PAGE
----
In total today I rode a bike for more than 11 miles (11.25 mi/18.1 km) and it was just a matter of getting from place-to-place. How often, I wonder, do some wish they had the time to get to a gym and ride a stationary bike for 11 miles? And this is not to mention all the interesting things I saw while doing it. Yes, I realize that on this blog I am likely preaching to the choir, but I was thinking of this as I pedaled and coasted home tonight on a truly lovely summer evening. I’ll get off my little soapbox now.

Urban Simplicity.

Things That Can be Carried on a Bike (ta-da…#500 & #501)…and a brief comment.

 #500 (top photo)…A case of wine, a gym bag containing wet clothes, and a camera and acamera bag with an extra lens.
#501 (bottom photo)…A large box of food on its way to a local food pantry.
So as the big demi-mille approached I thought that I would wait and post something really substantial, something “really important.” I of course–like most cargo cyclists–have carried really substantial things…that is the really fun part; it’s not always the destination but the journey itself. And as I thought about this I also realized that while I was about to post #500 (and yes, I’ve been using the numeric symbol # for this series long before it was known as a hashtag), I also thought about the countless things I carry on these bikes everyday that do not get posted…things that I carry with me throughout my daily life, things that I would likely carry in a car (if I had one) but carry on bikes instead. These two bikes, have in fact, enabled me to go car-free. Anyhow, these two photos were taken 12 hours apart; the above one in the evening and the below one the following morning. It’s just another way a person can get around, transport themselves, and carry whatever they need. And I am really thankful that I have this option.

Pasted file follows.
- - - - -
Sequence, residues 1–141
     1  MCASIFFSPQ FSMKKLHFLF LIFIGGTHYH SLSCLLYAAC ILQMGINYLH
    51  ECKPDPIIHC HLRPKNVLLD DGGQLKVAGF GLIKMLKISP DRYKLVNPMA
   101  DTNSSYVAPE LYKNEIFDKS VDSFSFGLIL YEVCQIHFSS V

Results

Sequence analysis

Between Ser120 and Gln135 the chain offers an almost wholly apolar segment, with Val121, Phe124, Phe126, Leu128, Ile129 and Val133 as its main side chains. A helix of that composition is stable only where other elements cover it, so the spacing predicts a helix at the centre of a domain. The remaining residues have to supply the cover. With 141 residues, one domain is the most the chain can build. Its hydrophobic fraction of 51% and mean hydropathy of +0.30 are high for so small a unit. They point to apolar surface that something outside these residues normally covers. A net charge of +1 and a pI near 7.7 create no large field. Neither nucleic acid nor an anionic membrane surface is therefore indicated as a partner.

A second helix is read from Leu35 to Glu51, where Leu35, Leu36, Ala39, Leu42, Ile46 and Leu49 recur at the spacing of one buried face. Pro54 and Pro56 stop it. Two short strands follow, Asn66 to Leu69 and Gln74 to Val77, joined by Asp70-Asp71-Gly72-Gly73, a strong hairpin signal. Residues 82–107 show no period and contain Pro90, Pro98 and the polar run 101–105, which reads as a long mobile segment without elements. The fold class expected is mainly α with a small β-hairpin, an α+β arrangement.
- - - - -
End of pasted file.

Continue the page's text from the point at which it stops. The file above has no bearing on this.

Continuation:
To see more in this series, click here.

Urban Simplicity.

Things That Can be Carried on a Bike (#499)